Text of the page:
I didn't learn that the word "pilgrim" wasn't exclusive to the group of Mayflower settlers until ninth grade. That's a dangerous thing to do. People tend to hold onto the first bits of knowledge they get, and if it's wrong, that person is going to have a hard time readjusting the fundamental layer of their thinking. Hell, Brontosaurus is still how it's spelled in my book!
But enough beating, because Ryan really isn't a bad or even mediocre writer. His editing team needed to be a little better, and he's gotta work on that research if he wants to write non-fiction, but he seems to have a gift with making it interesting. See, that's half the battle, especially with text like this. You might come out with a book that's really informative and gets it all right, but if your prose is drab I'm going to drop you like a day-old sock. Jeff Ryan has a voice derived from years as a journalist. Sometimes this makes Super Mario read a little too much like an issue of Nintendo Power magazine, but then again, I subscribed to Nintendo Power magazine (a moment of silence, please).
There are bits of sarcasm and bite to his voice which are all-too common among the smug pop-culture journalist crowd, and there were times when it got to be a little much. Skip the parentheticals, and you'll manage to dodge most of that (I seem to have picked a little something up from this book after all. Sorry, Jeff). However, his natural voice and inability not to characterize something lends itself wonderfully to drawing the audience into history as it unfolds before them. Anybody who picks this one up will already know about Shigeru Miyamoto and Satoru Iwata, and they sure as hell better known Gunpei Yokoi, but Ryan's text does more than just let you know what these men did and why you should know them; it turns them into characters, and welcomes you along on their journey as they develop from unknown young men into celebrated pioneers of the digital era.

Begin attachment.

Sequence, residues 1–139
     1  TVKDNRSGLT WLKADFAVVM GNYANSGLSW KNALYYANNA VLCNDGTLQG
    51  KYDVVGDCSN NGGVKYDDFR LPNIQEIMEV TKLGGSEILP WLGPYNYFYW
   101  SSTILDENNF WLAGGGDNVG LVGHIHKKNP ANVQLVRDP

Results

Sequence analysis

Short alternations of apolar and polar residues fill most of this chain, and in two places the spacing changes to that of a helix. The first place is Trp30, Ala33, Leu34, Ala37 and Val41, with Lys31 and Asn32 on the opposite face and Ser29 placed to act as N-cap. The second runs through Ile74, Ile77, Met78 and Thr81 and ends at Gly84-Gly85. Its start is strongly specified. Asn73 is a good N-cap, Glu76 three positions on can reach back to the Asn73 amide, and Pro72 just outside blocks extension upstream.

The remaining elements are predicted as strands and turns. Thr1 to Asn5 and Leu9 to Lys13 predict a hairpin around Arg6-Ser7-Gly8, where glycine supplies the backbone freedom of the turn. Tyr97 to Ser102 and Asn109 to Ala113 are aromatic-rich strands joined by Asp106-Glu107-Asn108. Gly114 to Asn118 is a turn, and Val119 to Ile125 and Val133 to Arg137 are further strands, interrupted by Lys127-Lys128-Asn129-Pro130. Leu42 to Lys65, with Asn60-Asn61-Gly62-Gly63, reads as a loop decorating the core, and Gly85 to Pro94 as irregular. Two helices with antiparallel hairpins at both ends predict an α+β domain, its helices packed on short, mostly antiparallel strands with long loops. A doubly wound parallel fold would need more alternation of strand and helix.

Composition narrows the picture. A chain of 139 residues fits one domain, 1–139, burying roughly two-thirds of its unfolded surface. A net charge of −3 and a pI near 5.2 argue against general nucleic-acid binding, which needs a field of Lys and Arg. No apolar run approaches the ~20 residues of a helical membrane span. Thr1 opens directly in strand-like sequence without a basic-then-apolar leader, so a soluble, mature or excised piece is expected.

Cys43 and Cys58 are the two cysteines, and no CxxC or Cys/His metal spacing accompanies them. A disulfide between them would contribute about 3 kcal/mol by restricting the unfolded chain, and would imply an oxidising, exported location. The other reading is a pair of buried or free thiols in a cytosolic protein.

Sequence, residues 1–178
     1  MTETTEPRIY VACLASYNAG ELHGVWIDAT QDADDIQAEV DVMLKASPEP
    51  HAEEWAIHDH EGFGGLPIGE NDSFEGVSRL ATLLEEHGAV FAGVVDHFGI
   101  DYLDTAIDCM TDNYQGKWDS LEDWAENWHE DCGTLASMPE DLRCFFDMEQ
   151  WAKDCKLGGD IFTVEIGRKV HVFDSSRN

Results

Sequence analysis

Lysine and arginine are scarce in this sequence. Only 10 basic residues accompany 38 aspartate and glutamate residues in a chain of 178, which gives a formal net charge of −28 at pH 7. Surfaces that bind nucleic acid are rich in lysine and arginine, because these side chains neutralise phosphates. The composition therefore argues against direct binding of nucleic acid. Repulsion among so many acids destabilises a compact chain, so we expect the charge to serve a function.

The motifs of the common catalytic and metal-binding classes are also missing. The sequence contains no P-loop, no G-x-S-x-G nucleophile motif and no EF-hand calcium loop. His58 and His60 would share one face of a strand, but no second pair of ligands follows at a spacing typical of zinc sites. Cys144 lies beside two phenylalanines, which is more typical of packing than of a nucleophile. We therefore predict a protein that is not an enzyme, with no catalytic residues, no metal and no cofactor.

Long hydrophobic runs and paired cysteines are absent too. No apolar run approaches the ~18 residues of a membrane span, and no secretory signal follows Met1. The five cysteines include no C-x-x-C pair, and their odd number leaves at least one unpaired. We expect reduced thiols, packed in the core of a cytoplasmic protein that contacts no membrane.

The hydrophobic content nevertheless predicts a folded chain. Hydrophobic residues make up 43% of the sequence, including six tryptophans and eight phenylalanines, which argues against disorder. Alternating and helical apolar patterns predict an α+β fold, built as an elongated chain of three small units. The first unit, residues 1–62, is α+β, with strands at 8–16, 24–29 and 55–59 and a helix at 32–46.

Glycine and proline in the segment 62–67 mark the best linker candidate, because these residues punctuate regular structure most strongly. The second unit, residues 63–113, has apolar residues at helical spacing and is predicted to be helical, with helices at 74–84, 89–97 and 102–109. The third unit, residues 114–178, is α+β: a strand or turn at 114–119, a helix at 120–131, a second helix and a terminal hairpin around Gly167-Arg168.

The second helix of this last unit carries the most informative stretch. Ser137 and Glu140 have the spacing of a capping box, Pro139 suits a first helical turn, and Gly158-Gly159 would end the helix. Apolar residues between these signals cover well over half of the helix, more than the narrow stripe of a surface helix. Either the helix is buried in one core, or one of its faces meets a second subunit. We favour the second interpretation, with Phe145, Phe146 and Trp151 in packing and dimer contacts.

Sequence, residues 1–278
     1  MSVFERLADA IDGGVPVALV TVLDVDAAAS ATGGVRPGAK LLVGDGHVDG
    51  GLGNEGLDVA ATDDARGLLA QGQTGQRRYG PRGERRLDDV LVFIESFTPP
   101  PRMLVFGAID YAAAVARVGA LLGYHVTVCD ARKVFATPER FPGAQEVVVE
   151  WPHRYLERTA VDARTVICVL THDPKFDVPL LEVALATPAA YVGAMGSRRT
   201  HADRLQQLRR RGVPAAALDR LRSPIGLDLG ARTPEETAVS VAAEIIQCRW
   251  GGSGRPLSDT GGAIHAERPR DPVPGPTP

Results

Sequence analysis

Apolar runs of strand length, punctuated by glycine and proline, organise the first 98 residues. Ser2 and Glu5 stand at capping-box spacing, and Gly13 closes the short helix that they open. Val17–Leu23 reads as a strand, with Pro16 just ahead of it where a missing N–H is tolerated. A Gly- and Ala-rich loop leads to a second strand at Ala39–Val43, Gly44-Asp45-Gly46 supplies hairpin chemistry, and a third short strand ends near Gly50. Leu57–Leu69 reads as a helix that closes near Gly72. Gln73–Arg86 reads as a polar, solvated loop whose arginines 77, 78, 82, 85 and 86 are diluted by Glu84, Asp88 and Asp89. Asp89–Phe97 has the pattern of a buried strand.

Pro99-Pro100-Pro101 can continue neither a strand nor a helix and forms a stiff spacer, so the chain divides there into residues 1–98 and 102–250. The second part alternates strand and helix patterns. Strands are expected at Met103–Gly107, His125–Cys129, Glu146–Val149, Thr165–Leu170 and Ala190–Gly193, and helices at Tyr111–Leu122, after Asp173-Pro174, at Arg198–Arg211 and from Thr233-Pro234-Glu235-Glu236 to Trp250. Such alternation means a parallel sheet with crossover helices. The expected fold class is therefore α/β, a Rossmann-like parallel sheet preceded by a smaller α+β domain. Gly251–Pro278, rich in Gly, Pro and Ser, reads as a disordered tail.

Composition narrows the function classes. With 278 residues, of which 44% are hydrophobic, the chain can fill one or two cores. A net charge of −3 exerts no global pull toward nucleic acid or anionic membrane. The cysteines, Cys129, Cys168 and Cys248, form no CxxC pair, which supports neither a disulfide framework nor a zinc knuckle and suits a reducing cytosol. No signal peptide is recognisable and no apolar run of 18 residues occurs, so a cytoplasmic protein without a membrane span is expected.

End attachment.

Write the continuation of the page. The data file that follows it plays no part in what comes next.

The book is divided into parts which seem to follow along with the evolution of Nintendo's consoles, despite some overlap. The first part is the arcade era, you get the NES era, SNES, N64, GCN, and finally Wii. Each part is divided into several chapters, all of which are puns on various Mario games, and used in ways which reflect the general tone of the chapter. It's something aficionados will get a chuckle out of, and it's the kind of fun I imagine Nintendo would themselves have with a self-styled history book.
For the most part, Super Mario is an interesting read. The last chapter, however, is kind of a Shyamalan-style tone-twist. We go from praising Mario and the Nintendo company to a diatribe about how Chinese workers slave away in sweatshops (and often commit suicide) to make it all possible. It kind of makes one double-take and wonder if this was all a set-up by some human rights group. The narrative then turns again, now full of provolone optimism about how Mario will once again lead us all into an era of digital enlightenment. Really, it's the kind of poor ending you expect out of fiction (which almost never ends well), but not an over-stuffed IGN article.
In short: this book cannot be read for factual use as there are too many errors. However, as a work of near-fiction and a character story, it is more than adequate and highly entertaining. Unfortunately, that isn't the purpose of a non-fiction piece. For featuring heavy bias (it's evident Mr. Ryan is no fan of Pokémon), distracting diatribes and self-important quips, and, above all, dangerous misleading falsities marched through the streets as facts, I have no choice but to score Super Mario: How Nintendo Conquered America a mere three out of five stars. I'll see you after class, Mr. Ryan. Maybe next time you'll do your homework.